Ownership has given the team the needed resources to ensure the Blue Jays are competitive in the international free agent market and the Jays were among the final few teams to nearly land Cuban lefty Aroldis Chapman (and his 105.1 MPH fastball).  The Jays were able to land a Cuban of their own in 21-year old SS Adeiny Hechavarria.  It continued last summer when the Jays landed top Venezuelan teenage pitching prospect Adonis Cardona, a right handed pitcher signed for record 2.8 million dollar bonus (in Venezuela). 

The Blue Jays have told fans that money will not be an issue if and when the team is ready to compete at the highest level (playoffs) and have gone on record as saying the payroll will easily eclipse $100MM if needed.  With a few big name free agent hitters hitting the open market at the end of this season (including Albert Pujols and Prince Fielder) the Jays could be in a prime spot to land one of the big free agents.

This past offseason saw Alex Anthopoulos pull off one of the biggest heists in recent memory when he managed to unload the entire Vernon Wells contract to the Los Angeles Angels, saving nearly $90MM over the next few years.  Notice I do not even need to mention if a player was returned to the Jays for this to be an unbelievable deal for the Jays, Wells’ contract was that horrifying and crippling.

The Blue Jays also dealt their best pitcher from 2010 (stat wise) when they moved SP Shaun Marcum to the Milwaukee Brewers for their top prospect 2B/3B/OF Brett Lawrie.  His bat and being a Canadian are the makings of an instant fan favourite.  His suspect defence, lack of position and questionable facebook pictures are the detriments at this point. 

My money is on a solid, if not spectacular Blue Jays career and Lawrie was considered the best prospect moved in an offseason that also saw Zack Greinke and Matt Garza moved you have to be happy hearing that if you are a Jays fan.  Shaun Marcum will be missed mind you but on a pure talent basis he was likely our fourth or fifth best pitcher, and oldest to boot.

The Blue Jays decided that Jose Bautista was for real and signed him to a five year contract worth $65MM ensuring the top HR hitter in 2010 remains with the team.  I like the contract as Bautista is more than just empty HRs, he plays defence, gets on-base and has proven to be a solid clubhouse influence.  I reviewed his massive 2010 campaign against the best in Jays history, who had the best all-time Jays offensive season?

There have been more than a few reviews of this contract if you want a more thorough evaluation, here and here.  There is no trade clause attached so if the Blue Jays are so inclined, they could potentially move Bautista if the market dictates.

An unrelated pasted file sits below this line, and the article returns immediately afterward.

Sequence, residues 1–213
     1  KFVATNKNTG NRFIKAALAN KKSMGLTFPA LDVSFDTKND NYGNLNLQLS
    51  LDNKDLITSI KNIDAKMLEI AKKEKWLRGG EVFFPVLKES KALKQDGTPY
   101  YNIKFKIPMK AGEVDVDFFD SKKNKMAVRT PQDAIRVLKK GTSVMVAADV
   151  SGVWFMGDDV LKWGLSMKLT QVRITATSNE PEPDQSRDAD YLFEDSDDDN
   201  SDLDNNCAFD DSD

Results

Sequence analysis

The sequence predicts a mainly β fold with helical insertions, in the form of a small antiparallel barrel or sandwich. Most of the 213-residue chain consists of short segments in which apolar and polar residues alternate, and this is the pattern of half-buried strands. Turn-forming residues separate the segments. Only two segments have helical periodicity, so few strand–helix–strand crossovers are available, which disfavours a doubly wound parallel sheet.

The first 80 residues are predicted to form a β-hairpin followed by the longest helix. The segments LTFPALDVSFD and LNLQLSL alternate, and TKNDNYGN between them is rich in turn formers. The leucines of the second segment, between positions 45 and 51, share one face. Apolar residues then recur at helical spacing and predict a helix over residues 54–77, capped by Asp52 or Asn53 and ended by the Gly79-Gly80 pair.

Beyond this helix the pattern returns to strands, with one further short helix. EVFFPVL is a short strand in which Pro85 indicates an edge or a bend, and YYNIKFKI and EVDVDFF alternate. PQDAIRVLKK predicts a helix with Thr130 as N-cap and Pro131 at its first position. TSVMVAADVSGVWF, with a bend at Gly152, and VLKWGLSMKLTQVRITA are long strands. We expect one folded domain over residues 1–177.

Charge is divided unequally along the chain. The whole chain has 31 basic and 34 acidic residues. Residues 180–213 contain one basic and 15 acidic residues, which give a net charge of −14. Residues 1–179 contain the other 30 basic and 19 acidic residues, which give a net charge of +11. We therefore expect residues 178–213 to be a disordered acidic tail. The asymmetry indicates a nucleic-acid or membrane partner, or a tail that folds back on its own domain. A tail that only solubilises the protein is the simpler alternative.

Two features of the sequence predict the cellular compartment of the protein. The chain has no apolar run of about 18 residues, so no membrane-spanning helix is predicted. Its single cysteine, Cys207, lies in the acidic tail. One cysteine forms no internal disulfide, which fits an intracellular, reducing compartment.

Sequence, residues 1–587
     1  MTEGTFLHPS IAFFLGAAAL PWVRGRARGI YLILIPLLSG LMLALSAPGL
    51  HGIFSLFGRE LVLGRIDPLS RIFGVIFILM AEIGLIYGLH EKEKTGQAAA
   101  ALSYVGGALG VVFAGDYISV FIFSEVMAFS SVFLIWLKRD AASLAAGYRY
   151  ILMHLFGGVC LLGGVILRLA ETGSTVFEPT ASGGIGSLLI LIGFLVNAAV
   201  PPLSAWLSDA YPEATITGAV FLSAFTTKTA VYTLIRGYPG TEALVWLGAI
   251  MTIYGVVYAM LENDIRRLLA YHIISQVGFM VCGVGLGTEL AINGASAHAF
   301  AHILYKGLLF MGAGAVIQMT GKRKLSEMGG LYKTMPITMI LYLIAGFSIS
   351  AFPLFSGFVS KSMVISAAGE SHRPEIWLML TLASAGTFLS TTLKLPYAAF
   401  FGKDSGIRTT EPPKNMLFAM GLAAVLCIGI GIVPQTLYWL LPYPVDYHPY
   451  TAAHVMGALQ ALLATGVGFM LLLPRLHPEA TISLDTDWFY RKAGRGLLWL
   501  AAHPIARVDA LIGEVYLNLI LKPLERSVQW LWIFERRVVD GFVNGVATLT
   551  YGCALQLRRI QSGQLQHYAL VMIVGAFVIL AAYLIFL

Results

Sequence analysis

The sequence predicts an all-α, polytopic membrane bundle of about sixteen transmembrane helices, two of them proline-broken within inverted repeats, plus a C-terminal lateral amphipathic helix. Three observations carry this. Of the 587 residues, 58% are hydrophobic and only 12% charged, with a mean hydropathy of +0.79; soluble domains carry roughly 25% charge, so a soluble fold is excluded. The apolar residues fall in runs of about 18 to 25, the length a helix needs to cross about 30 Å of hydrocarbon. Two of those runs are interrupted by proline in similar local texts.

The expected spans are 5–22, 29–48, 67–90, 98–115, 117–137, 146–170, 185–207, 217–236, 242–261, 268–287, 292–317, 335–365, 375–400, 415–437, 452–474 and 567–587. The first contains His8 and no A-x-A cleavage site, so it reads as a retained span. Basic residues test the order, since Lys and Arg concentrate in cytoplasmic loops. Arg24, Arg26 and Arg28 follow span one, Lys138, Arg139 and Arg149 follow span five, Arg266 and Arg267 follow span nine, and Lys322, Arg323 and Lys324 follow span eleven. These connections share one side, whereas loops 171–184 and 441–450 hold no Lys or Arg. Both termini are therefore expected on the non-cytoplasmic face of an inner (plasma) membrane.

Other key departures:

RP Scott Downs, C John Buck, RP Kevin Gregg, LF Fred Lewis

Other key arrivals:

RP Frank Francisco, RP Jon Rauch, LF Juan Rivera, CF Rajai Davis, LF Scott Podsednick, RP Octavio Dotel.

The Blue Jays also said goodbye to a familiar face as manager Cito Gaston stepped aside as the team’s skipper and the Jays hired Boston Red Sox pitching Coach John Farrell to be the new manager.  The consensus around baseball is he will make an excellent manager and is a great leader for a young emerging ballclub like Toronto.  If only the Blue Jays could have brought back Dan Schulman to do their play-by-play on a nightly basis, this would have been a stellar offseason as opposed to only a good one.

Overall it is hard to argue against a solid offseason as the Jays saved a boatload of money, added a top Canadian prospect and really didn’t weaken their current team all that much in my mind.  The last bonus is with some of the shrewd moves made by AA the Blue Jays hold a ton of picks in the top 3 round of the upcoming 2011 Amateur MLB draft, one of the strongest drafts in recent memory.

Let’s take a look at the current 2011 team:

Catcher – JP Arencibia & Jose Molina.

Synopsis – There has been a lot of pressure placed on JP Arencibia heading into 2011 and more than a few people worried he might crack under it.  Arencibia lit up Las Vegas and AAA in the ultra-friendly hitters paradise (301/359/626 – .412 wOBA) and after Blue Jays fans enshrined him in Cooperstown after a 5-hit debut he struggled at the major league level.